Interesting thing happening on Boylston St./Rte 9 at the Wellesley border: there are Jersey barriers (indicated by the grey line) preventing traffic on the main two lanes of
eastbound westbound traffic from turning right onto Williams St. to head into the Wellesley Office Park.
Backing up …
About a half-mile west of Eliot St., the four lanes of Boylston St. become a flyover* and there are surface streets adjoining in each direction. Going
eastbound westbound, the flyover ends just past Quinobequin and just before the entrance to the Wellesley Office Park. This creates a dangerous blending area.
Traffic from the main travel lanes that wants to go right into the Wellesley Office Park has to blend with and then cross traffic from the surface lane that is continuing west towards 128/95 and beyond to Wellesley.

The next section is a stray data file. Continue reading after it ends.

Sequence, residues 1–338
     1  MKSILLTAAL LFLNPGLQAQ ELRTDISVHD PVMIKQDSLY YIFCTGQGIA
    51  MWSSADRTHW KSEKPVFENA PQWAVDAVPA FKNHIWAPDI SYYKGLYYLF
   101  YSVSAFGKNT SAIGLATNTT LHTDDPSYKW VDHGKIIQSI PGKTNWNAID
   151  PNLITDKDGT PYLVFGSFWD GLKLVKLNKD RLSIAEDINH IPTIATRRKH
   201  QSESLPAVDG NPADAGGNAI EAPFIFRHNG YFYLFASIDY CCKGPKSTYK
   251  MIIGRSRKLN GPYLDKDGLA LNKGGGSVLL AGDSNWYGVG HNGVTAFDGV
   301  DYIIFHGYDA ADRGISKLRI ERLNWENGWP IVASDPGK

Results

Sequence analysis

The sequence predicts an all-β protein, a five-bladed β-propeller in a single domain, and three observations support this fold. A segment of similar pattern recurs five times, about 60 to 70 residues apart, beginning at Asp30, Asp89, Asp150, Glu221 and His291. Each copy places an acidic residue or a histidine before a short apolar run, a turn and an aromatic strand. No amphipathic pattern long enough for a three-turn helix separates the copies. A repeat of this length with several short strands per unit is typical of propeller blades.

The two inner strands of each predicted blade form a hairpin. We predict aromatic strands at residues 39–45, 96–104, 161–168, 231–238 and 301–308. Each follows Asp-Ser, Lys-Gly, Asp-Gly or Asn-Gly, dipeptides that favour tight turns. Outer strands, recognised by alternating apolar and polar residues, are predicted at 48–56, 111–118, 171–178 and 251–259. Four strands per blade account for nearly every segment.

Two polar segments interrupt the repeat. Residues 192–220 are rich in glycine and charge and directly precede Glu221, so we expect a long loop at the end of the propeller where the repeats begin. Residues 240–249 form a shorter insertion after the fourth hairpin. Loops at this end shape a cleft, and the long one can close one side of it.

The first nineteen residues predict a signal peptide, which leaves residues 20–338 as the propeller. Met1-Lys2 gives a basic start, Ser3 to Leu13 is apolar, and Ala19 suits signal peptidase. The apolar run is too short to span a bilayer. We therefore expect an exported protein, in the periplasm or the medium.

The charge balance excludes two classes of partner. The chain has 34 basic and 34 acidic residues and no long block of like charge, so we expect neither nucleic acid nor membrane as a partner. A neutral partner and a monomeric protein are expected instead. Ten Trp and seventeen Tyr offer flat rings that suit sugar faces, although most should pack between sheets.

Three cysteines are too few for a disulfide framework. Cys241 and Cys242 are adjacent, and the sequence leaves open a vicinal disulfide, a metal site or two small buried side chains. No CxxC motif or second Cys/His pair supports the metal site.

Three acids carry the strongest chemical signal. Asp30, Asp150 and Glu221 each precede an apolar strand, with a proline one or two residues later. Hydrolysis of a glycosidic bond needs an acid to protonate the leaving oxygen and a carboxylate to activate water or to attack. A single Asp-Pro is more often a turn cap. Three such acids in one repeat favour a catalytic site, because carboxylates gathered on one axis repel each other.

The mustard-colored line indicates traffic turning right onto Williams St. from the right lane of the flyover. The red line indicates traffic merging left from the surface street (also called Boylston St.) to enter traffic on Boylston St. and head west.
The traffic barriers are cutting off the movement from the main lanes crossing over the surface lanes onto Williams St. and into Wellesley Office Park. What it means is that drivers from east of the office park need to got onto the surface road before the flyover begins, just before Cragmore at the “exit” to Chestnut St.
This is a great resolution of the blending problem. It’s not at all clear if this is a permanent or temporary solution and how it relates to the new Route 9/128 interchange. Regardless, this solution — to remove a blending conflict — has interesting implications for other examples of blending problems, as I’ll describe in later posts.
* Crossing over Chestnut and Quinobequin/Ellis.